Climate-Change Deniers Are On the Ropes — But So Is the Planet
By Bill McKibben
June 4, 2012
It’s been a tough few weeks for the forces of climate-change denial.
First came the giant billboard with Unabomber Ted Kacynzki’s face plastered across it: “I Still Believe in Global Warming. Do You?” Sponsored by the Heartland Institute, the nerve-center of climate-change denial, it was supposed to draw attention to the fact that “the most prominent advocates of global warming aren’t scientists. They are murderers, tyrants, and madmen.” Instead it drew attention to the fact that these guys had over-reached, and with predictable consequences.
A hard-hitting campaign from a new group called Forecast the Facts persuaded many of the corporations backing Heartland to withdraw $825,000 in funding; an entire wing of the Institute, devoted to helping the insurance industry, calved off to form its own nonprofit. Normally friendly politicians like Wisconsin Republican Congressman Jim Sensenbrenner announced that they would boycott the group’s annual conference unless the billboard campaign was ended.
Which it was, before the billboards with Charles Manson and Osama bin Laden could be unveiled, but not before the damage was done: Sensenbrenner spoke at last month’s conclave, but attendance was way down at the annual gathering, and Heartland leaders announced that there were no plans for another of the yearly fests. Heartland’s head, Joe Bast, complained that his side had been subjected to the most “uncivil name-calling and disparagement you can possibly imagine from climate alarmists,” which was both a little rich — after all, he was the guy with the mass-murderer billboards — but also a little pathetic. A whimper had replaced the characteristically confident snarl of the American right.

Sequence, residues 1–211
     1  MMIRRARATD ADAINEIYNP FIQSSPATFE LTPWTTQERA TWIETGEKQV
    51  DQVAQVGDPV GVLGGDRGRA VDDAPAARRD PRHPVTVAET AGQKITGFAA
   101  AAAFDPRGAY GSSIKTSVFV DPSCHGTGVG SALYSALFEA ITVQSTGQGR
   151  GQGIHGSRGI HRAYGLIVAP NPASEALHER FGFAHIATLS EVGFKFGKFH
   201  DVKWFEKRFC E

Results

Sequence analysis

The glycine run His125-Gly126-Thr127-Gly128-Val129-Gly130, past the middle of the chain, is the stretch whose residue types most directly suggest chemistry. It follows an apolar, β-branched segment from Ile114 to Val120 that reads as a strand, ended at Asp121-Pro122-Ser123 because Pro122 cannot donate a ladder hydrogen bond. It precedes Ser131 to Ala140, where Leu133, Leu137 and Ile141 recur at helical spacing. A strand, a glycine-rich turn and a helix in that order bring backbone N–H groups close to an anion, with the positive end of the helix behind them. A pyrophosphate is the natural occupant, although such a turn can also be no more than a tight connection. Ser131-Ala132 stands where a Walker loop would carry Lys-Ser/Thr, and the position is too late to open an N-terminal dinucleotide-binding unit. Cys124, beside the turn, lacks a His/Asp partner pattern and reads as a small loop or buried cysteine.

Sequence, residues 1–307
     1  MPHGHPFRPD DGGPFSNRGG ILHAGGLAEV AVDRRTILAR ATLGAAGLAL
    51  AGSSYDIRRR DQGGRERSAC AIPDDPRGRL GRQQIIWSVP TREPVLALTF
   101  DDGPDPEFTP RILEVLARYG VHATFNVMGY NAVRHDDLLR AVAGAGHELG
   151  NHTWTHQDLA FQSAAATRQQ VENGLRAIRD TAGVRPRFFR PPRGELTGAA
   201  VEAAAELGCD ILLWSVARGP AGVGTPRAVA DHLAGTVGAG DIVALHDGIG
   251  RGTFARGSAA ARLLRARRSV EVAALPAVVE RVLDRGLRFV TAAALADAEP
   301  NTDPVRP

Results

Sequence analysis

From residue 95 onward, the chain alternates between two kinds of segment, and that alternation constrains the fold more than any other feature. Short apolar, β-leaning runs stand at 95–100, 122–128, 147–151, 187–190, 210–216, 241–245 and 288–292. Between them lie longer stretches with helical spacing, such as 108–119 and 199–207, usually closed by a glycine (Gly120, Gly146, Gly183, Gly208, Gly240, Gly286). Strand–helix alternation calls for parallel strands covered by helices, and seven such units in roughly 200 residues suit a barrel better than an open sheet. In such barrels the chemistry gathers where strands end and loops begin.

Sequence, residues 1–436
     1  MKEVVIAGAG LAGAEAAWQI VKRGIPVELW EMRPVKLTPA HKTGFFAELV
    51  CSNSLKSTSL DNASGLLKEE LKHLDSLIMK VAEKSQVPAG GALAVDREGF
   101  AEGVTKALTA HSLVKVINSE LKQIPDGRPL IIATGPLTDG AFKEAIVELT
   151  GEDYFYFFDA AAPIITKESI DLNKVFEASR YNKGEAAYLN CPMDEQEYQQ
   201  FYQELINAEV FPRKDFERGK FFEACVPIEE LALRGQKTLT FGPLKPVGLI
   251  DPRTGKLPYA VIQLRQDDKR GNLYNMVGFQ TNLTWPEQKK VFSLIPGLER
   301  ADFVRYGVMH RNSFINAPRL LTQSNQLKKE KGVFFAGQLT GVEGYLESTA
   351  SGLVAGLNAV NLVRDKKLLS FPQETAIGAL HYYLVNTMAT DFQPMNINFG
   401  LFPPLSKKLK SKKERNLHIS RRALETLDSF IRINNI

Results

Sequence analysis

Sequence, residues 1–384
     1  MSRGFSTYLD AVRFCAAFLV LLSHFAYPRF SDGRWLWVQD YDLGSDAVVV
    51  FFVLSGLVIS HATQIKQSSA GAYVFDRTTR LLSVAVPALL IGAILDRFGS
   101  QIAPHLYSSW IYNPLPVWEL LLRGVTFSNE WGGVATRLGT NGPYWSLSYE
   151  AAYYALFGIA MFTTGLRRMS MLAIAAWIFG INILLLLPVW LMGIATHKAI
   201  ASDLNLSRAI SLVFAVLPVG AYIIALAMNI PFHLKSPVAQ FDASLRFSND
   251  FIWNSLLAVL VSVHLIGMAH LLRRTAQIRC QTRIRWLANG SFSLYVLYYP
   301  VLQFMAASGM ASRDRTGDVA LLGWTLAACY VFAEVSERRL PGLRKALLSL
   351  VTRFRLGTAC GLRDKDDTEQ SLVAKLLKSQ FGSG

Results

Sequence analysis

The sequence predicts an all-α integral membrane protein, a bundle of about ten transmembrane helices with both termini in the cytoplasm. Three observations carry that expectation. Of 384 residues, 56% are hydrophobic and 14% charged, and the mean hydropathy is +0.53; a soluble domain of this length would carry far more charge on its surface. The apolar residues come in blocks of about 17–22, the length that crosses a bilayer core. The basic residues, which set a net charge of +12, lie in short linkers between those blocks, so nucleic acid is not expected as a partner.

That pugnaciousness may return: Mr. Bast said last week that he was finding new corporate sponsors, that he was building a new small-donor base that was “Greenpeace-proof,” and that in any event the billboard had been a fine idea anyway because it had “generated more than $5 million in earned media so far.” (That’s a bit like saying that for a successful White House bid John Edwards should have had more mistresses and babies because look at all the publicity!) Whatever the final outcome, it’s worth noting that, in a larger sense, Bast is correct: this tiny collection of deniers has actually been incredibly effective over the past years.